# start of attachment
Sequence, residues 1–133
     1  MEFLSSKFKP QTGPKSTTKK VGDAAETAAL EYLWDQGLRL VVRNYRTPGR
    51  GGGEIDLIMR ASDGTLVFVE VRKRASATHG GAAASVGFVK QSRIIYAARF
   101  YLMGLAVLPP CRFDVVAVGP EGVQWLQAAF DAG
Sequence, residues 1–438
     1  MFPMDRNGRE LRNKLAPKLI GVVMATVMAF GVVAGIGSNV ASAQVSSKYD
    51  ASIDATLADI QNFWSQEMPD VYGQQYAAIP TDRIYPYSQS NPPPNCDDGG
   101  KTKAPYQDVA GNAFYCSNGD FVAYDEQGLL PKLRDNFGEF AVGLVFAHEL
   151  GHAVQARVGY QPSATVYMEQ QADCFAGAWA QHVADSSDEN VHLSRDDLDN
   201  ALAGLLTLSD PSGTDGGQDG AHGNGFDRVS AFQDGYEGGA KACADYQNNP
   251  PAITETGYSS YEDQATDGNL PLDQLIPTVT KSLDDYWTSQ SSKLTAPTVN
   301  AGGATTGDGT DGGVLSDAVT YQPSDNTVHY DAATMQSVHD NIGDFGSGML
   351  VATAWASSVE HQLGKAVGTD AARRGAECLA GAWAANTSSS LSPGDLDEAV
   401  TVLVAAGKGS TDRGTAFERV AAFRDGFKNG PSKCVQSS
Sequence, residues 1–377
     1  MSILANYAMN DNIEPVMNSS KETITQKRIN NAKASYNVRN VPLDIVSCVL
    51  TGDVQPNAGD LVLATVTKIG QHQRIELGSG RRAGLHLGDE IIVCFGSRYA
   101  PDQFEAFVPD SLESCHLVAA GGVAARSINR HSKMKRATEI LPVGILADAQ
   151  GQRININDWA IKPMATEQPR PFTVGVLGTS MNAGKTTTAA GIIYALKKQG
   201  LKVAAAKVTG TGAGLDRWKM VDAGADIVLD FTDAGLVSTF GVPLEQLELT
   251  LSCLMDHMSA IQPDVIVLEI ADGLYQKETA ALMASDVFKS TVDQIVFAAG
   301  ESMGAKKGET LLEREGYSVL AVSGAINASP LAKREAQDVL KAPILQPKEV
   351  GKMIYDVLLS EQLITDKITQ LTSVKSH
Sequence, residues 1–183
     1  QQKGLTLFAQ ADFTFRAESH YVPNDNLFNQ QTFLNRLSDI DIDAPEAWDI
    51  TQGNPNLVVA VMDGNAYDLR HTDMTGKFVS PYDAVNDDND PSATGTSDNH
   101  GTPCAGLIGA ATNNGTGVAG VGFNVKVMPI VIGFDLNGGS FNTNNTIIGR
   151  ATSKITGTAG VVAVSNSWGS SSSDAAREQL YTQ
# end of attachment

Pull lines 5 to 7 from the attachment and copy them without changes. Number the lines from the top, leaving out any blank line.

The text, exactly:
Sequence, residues 1–438
     1  MFPMDRNGRE LRNKLAPKLI GVVMATVMAF GVVAGIGSNV ASAQVSSKYD
    51  ASIDATLADI QNFWSQEMPD VYGQQYAAIP TDRIYPYSQS NPPPNCDDGG